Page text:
Georgia Foote and Madeline Rabalais, both 9, spent the morning of June 26 learning all about the seventh most popular pet in the United States — the rabbit.
The girls were among 48 participants at Bluebonnet Swamp Nature Center’s Swamp Day Camp from June 23-27, part of which was the visit from Magic Happens Rabbit Rescue.
“We made paper rabbits with — what do you call it again?” Foote asked.
“Origami,” said the other girls at her table.
“Yeah, origami, and then we got to pet a lot of rabbits,” Foote said. “They bumped me with their noses,” she said, giggling.
In addition to learning about what it takes to care for a rabbit, said Nature Center Educator Lauren Herbert, the girls helped put together adoption and care packets for new rabbit owners as their camp service project.
Rabbits are the third-most surrendered pet — behind dogs and cats — at shelters and animal control departments in the U.S., said Wendy Lincoln, who runs Magic Happens Rabbit Rescue, a network of foster homes around Baton Rouge specifically dedicated to the long-eared creatures.
That creates an outsized supply of surrendered rabbits compared to demand, Lincoln said, and a never ending need for the services she provides. “We get a lot of calls from people who find rabbits in eating from their gardens,” she said. “When they don’t run away, or when they’re not plain brown rabbits, they’re generally either pets that were turned loose or escaped,” she said.
And rabbits that have grown up in captivity are ill-equipped to survive in the wild, she said.
That’s where Lincoln and her team of volunteers come in.
“We have regular adoption days and classes on rabbit care,” she said. To date, the rescue has adopted out 900 rabbits to permanent homes.
Though rabbits can be trained to use litter boxes and have soft fur, they are much different from cats. “They’re prey animals,” Lincoln said, pointing out the position of their eyes on the sides of their heads. “This is so they can see in all directions to watch for things that can hurt them,” she said.
This also means if you’re holding your hand in front of a rabbit’s nose, as you might in getting to know a dog or a cat, they likely can’t see you. “It’s best to approach them from the side,” Lincoln said.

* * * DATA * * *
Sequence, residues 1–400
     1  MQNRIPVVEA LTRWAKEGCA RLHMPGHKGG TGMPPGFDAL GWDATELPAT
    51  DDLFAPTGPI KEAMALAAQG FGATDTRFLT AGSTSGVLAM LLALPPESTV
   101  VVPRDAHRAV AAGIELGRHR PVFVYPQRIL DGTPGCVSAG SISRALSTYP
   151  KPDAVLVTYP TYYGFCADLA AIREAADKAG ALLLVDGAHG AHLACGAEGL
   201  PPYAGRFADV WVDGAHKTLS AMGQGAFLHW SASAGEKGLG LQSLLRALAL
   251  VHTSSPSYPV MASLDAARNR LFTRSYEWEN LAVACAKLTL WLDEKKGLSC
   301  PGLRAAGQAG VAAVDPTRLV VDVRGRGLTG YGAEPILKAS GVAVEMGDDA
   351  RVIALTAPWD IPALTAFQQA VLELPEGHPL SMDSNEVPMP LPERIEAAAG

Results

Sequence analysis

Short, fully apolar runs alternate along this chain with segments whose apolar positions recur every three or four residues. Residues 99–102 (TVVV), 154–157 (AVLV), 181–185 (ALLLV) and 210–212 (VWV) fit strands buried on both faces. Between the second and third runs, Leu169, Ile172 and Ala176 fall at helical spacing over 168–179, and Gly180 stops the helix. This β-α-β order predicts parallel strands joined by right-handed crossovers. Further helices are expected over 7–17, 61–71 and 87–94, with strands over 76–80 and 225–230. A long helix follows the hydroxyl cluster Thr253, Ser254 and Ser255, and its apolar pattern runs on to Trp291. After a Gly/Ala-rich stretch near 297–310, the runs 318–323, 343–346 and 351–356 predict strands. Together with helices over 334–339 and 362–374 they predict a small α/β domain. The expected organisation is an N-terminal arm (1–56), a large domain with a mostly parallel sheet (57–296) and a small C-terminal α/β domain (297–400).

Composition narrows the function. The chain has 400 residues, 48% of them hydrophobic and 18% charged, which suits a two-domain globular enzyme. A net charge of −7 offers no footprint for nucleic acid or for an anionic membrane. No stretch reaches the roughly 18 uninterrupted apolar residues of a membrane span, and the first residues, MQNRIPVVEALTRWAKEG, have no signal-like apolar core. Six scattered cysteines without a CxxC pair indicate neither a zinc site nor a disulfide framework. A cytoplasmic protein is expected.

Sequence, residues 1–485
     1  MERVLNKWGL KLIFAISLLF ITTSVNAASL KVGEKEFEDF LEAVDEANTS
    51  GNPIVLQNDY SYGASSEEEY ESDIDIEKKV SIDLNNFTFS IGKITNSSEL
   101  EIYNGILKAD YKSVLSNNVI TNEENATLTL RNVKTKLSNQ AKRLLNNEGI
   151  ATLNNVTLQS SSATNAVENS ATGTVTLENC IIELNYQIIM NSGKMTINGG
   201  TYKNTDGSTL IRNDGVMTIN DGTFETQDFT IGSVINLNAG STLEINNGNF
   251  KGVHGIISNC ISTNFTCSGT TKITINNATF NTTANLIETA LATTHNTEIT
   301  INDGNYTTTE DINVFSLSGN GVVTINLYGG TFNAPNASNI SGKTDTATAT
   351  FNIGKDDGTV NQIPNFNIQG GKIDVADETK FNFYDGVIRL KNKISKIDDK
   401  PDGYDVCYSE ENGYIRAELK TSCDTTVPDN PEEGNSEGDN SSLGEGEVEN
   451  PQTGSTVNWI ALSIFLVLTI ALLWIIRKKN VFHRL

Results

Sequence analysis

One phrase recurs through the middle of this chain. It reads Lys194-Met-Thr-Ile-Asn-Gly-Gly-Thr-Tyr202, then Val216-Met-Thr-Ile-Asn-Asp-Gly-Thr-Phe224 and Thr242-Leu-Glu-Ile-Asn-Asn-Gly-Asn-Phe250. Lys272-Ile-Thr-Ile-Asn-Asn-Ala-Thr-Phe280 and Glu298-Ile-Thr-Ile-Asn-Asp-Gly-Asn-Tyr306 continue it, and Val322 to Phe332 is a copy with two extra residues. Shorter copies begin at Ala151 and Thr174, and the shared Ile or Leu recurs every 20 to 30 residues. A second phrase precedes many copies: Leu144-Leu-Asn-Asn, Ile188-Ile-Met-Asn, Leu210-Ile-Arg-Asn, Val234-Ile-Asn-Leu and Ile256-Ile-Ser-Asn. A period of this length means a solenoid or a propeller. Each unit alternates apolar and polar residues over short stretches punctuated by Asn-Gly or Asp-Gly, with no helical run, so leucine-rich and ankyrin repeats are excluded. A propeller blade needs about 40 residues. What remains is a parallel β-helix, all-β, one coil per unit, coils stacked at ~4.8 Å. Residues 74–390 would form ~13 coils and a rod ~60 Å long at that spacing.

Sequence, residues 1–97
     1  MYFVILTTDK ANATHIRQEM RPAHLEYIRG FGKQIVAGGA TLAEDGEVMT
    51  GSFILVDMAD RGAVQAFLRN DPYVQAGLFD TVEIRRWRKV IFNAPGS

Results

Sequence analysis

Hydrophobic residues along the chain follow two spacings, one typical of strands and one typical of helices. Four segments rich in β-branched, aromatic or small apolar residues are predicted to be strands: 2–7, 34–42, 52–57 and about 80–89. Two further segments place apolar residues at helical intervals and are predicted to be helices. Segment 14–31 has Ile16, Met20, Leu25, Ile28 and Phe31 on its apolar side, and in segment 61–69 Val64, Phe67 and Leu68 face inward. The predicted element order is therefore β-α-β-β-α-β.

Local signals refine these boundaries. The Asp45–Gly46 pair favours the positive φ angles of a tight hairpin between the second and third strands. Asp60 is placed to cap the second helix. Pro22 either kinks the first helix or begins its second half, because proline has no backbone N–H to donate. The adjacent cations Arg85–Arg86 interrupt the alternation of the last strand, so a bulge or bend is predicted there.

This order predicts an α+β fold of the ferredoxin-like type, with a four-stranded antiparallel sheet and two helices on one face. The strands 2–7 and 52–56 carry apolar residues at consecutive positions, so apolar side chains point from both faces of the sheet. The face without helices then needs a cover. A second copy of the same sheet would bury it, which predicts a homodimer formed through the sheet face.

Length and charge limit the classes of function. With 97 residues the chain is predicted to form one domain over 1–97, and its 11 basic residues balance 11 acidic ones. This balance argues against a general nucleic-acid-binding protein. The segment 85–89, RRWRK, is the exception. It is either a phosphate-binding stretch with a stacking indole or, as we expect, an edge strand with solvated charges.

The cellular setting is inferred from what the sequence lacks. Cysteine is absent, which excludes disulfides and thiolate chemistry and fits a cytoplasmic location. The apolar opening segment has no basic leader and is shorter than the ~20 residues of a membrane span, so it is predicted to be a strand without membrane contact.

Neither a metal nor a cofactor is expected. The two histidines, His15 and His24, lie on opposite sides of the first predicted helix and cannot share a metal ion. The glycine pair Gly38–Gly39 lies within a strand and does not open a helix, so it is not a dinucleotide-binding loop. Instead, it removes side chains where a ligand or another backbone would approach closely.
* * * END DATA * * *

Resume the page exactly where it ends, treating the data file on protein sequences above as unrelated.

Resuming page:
Their body language and actual language is much different than those of cats or dogs, she said. When rabbits want to interact, they get to know each other by offering the top of their heads, she said, and are protective of their throats, and therefore don’t like being scratched under the chin like a cat.
Rabbits can scream when they are afraid, they honk when food is coming, and they thump with their back legs to warn each other about potential dangers. This is why patting a leg in the way one might call a dog to come could have the exact opposite effect on a rabbit.
If a rabbit is spooked while in a cage, its first instinct is to bolt, and if there’s nowhere to go, it is possible to scare a rabbit to death. This contributes to the rabbit’s reputation for timidity, Lincoln said, but in reality, if handled property, rabbits can be extraordinarily social and interactive, and make great pets with the right owners.
“The average lifespan of a rabbit living indoors is about 10 years, up to 12 years, so it’s a at least a 10 year commitment,” she said.
After learning to “speak rabbit,” the campers got a chance to test out their new language skills with five ambassador rabbits that Lincoln and her volunteers brought with them.
“They were really soft,” Rabalaid said.
For information on Magic Happens Rabbit Rescue, visit the organization’s website, www.magichappensrescue.com.
Click here to watch a video of the rabbits.